Moderate risk of developing a Foot Ulcer

Web Resource Last Updated: 23-12-2021

Why is diabetes a risk to your feet?

Diabetes is a lifelong condition which can cause life and limb-threatening problems. Some of these problems can occur because the nerves and blood vessels, including those supplying your legs and feet, are damaged.

This can change:

  • the feeling in your feet (peripheral neuropathy); and
  • the circulation in your feet (ischaemia).

These changes can be very gradual and you may not notice them. This is why it is essential you have your feet checked (screened) every year by a suitably trained healthcare worker.

What is my foot score and what does it mean?

Your foot check has shown that you are currently at moderate risk of developing wounds that may be slow to or may not heal and may lead to amputation because of your diabetes due to one of the following.

  • You have lost some feeling in your feet
  • The circulation in your feet is reduced
  • You cannot look after your feet or do not have help to do so
  • You have severe kidney disease
  • You have developed problems with the shape of your toe or foot

The development of foot wounds in people with diabetes is serious as they are linked to an increased risk of heart attacks, strokes, amputations of the foot or leg and early death. Controlling your diabetes, cholesterol and blood pressure, stopping smoking, increasing cardiovascular exercise and controlling your weight helps to reduce the risk of these life-and limb-threatening problems.

Note: You may be at further risk of cardiovascular problems if you have a family history of heart disease.

As your feet are now at moderate risk of developing wounds that may be slow to or will not heal and could lead to an amputation, you will need an assessment by a podiatrist (which may be a one-off appointment) with the implementation of a treatment/management plan agreed with yourself if required.

If you follow the advice and information in here, it will help you to take care of your feet between visits to your podiatrist. This will help you to reduce the risk of developing life-and limb-threatening problems.

What should I do if I have a concern or problem?

If you develop any of the following problems, it is important that you contact your Multi-disciplinary Foot Care Team, local Podiatry Department or GP for advice as soon as possible (within 24 hours).

  • A red, hot, swollen toe or foot
  • A new break or wound in the skin
  • New redness or discolouration of your toe or foot
  • New or unexplained pain in your foot

If they are not available, go to your nearest accident and emergency department. Remember, any delay in getting advice or treatment when you have a problem can lead to serious problems.

What can I do to reduce my risk of developing

Check your feet every day

You should check your feet every day for any blisters, breaks in the skin, pain or any signs of infection such as swelling, heat or redness.

If you discover any breaks in the skin or blisters, cover them with a sterile dressing. Do not burst blisters.

If you cannot do this yourself, ask your partner or carer to help you.

If your skin is dry and cracks, use 25% urea cream once a day until this improves.

Depending on your need, you may be assessed for prescription footwear, insoles or both.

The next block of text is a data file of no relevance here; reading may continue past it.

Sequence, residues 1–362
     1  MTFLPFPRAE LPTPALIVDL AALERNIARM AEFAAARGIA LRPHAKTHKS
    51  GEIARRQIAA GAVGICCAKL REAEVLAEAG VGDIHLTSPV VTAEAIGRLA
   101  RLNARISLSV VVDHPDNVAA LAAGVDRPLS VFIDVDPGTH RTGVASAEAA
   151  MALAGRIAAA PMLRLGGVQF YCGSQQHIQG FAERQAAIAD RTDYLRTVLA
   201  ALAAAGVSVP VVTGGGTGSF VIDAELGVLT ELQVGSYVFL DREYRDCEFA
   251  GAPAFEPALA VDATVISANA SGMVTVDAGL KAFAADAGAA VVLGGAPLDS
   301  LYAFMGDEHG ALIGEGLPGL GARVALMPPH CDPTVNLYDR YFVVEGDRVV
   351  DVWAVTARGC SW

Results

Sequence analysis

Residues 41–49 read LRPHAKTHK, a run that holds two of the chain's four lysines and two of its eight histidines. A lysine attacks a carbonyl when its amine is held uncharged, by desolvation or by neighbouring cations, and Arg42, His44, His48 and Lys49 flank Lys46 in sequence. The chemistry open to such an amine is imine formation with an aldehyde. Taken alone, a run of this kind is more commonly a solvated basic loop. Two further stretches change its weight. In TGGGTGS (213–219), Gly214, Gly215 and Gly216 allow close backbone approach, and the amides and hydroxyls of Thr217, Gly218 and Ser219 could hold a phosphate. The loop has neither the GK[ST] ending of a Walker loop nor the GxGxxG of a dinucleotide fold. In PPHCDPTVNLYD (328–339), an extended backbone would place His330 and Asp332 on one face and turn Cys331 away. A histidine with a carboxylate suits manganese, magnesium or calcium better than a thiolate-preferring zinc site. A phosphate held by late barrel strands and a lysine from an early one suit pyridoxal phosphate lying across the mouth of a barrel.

Skincare for your feet

You should wash your feet every day in warm water and with a mild soap. Rinse them thoroughly and dry them carefully, especially between the toes. Do not soak your feet as this can damage your skin. Because of your diabetes, you may not be able to feel hot and cold very well. You should test the temperature of the water with your elbow, or ask someone else to test the temperature for you.

If your skin is dry, apply a moisturising cream, avoiding the areas between your toes.

Toenail care

Cut or file your toenails regularly, following the curve of the end of your toe. Use a nail file to make sure that there are no sharp edges which could press into the next toe. Do not cut down the sides of your nails as you may create a ‘spike’ of nail which could result in an ingrown toenail.

Socks, stocking and tights

Change your socks, stockings or tights regularly.They should not have bulky seams and the tops should not be elasticated.

Avoid walking barefoot

If you walk barefoot you risk injuring your feet by stubbing your toes and standing on sharp objects which can damage the skin.

Check your shoes

Check the bottom of your shoes before putting them on to make sure that nothing sharp such as a pin, nail or glass has pierced the outer sole. Also, run your hand inside each shoe to check that no small objects such as small stones have fallen in.

Hard skin and corns

Do not try to remove hard skin or corns yourself. Your podiatrist will provide treatment and advice where necessary.

Over-the-counter corn remedies

Do not use over-the-counter corn remedies. They are not recommended for anyone with diabetes as they can be highly dangerous and can lead to new wounds and infections.

Avoid high or low temperatures

If your feet are cold, wear socks. Never sit with your feet in front of the fire to warm them up. Always remove hot-water bottles or heating pads from your bed before getting in.


It is important that you attend all of your podiatry appointments as well as all of your regular diabetes review appointments. This reduces the risk of problems developing.


Moderate risk of non-healing wounds and amputation pdf

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